Restoration

Restoration

Posted October 03, 2011:
Breathing the Post-Modern Air

by Fr. Denis Lemieux.

"That’s true for you! That’s not true for me!"

I remember the scene vividly. My niece, eight years old, was being corrected or disciplined by her mother, my sister, over some small matter I do not remember the details of.

Standing in the full dignity and wisdom of her eight years on the planet, trembling with righteous anger and outraged sensibility, she uttered her perfect and unanswerable defence: Mom, that’s your truth, not mine!

Where did she learn that at eight years old? In her (Catholic) school? From TV, movies, music? Children’s books? Probably all of the above. Relativism—it is the air we breathe in the post-modern world.

Your truth is yours, my truth is mine, and all of it is true because none of it is true because all of it is just how we feel about things anyhow. The End.

The age old human quest for wisdom and understanding, knowledge and discernment, the quest that began among the sages of the most ancient civilizations, that Socrates, Plato, Aristotle, Sophocles and Aeschylus, Augustine and Aquinas and a host of others dedicated their lives to, seems to have terminated in one word.

Whatever. Whatever you think, whatever you feel, whatever you want to do, "it’s all good" as another common expression today goes.

Truth as a public reality is at best a social construct, infinitely malleable by whoever controls the levers of power and language at any given moment.

If truth is anything more than that, it is merely a strongly held feeling of this or that individual. All very well and good, but keep it to yourself, OK?

All of this is as familiar to us as the morning newspaper or the evening sitcom, right? As familiar to us as the arguments of an eight year old girl, or a teen-age boy.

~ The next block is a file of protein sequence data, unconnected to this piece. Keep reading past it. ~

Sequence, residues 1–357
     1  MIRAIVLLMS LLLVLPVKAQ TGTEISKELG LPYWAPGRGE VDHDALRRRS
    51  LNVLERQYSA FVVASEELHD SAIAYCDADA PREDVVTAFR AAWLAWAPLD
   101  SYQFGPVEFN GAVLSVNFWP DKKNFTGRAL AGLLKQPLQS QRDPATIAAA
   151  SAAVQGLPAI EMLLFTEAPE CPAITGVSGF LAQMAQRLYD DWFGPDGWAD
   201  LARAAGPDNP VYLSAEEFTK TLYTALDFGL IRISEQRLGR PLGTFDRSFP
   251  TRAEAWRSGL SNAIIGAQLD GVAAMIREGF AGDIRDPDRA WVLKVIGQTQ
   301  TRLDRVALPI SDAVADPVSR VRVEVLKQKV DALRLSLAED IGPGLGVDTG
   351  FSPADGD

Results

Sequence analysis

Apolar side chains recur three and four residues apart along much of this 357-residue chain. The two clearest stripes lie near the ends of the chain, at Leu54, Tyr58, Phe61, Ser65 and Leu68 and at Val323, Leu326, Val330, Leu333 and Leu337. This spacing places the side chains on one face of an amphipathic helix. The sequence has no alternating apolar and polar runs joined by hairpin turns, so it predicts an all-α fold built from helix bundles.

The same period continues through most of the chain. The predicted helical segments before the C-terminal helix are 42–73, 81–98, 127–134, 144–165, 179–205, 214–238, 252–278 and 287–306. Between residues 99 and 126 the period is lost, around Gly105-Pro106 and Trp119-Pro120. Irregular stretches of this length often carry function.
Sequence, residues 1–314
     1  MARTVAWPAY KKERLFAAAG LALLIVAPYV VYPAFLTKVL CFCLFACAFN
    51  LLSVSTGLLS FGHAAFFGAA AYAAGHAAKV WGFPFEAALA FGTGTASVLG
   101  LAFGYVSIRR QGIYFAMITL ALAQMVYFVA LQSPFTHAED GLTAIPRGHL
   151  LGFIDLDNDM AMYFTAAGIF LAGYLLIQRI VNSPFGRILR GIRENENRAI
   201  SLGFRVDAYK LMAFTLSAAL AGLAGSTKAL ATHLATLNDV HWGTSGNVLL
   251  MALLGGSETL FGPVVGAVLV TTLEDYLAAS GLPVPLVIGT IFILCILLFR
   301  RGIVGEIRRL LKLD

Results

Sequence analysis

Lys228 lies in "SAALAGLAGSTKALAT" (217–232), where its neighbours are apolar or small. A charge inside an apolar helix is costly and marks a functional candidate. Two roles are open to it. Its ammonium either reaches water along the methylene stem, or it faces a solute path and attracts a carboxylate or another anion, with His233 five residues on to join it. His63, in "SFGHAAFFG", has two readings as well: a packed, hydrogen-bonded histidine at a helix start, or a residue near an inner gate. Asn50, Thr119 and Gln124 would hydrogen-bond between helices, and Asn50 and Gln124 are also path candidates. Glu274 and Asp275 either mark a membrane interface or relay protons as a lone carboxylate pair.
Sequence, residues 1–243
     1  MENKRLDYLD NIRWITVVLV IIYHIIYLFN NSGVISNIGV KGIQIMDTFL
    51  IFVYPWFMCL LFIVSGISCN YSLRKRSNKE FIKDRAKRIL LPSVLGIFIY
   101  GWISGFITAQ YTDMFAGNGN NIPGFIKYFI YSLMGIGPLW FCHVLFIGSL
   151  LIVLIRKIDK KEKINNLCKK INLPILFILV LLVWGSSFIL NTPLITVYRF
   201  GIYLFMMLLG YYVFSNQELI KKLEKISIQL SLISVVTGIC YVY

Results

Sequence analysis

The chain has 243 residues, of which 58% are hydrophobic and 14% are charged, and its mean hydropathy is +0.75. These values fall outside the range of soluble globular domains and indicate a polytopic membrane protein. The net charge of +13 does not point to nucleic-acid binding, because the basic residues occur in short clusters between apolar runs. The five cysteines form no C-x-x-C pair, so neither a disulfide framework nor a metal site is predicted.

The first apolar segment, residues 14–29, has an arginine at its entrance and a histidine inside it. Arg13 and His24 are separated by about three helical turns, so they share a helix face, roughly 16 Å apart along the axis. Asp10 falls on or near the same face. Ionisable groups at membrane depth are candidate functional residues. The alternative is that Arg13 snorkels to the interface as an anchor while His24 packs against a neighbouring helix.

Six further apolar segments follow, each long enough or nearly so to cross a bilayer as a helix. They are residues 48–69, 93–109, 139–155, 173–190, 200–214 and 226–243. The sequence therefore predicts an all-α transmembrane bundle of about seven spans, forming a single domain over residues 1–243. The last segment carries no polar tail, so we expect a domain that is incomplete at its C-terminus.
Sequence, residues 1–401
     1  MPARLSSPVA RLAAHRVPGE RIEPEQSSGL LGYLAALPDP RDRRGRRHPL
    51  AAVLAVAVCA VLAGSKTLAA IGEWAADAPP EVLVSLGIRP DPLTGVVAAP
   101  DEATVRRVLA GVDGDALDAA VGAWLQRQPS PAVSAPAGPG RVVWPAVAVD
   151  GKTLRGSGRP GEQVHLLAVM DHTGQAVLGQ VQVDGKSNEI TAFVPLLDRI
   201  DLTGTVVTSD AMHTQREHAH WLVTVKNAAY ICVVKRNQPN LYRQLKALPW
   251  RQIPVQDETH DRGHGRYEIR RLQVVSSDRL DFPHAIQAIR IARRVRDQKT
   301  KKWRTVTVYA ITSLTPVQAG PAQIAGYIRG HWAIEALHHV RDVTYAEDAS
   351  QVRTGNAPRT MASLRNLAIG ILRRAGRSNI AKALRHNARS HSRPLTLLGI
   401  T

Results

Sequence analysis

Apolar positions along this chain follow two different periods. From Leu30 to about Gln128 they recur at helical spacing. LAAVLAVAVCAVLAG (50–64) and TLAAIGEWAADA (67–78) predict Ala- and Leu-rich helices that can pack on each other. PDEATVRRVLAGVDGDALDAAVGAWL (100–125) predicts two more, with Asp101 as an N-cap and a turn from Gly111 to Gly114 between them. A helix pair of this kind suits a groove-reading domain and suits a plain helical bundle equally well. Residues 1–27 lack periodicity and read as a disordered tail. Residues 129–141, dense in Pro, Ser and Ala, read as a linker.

(A speaker was introduced at a conference I recently attended on relativism, and among his listed credentials was the fact that he was the father of three teenagers and hence an expert on relativism!)

So what are we to do about this? What is our Christian response to relativism? We are not relativists—we cannot be and profess the Christian faith.

Jesus is the Lord of all creation, God is the Father of all, the Church is the necessary sacrament of salvation for the whole human race. Not one bit of orthodox Christian doctrine is "true for me but not for you."

The deepest Christian response to relativism is not, I would argue, on the intellectual level at all. It is in the field of love, of service, of gentleness and compassion towards our neighbours.

I think one of the reasons relativism is so powerful and attractive in the world today is that truth has so often been wielded as a club to beat people with, a sword that divides people into opposing and implacably hostile camps, a sword that at times is used even to divide people’s heads from their bodies!

So for Christians who are not relativists and who make it clear that we hold our truths to be really true and universally applicable, to bend down and wash the feet of the other—the one who disagrees with us, who may be hostile or suspicious or resentful of us—this is our deepest response to the relativistic era we live in.

That being said, there is a needed place for an intellectual response. After all, the arguments for relativism are persuasive to many, and may even be persuasive to us.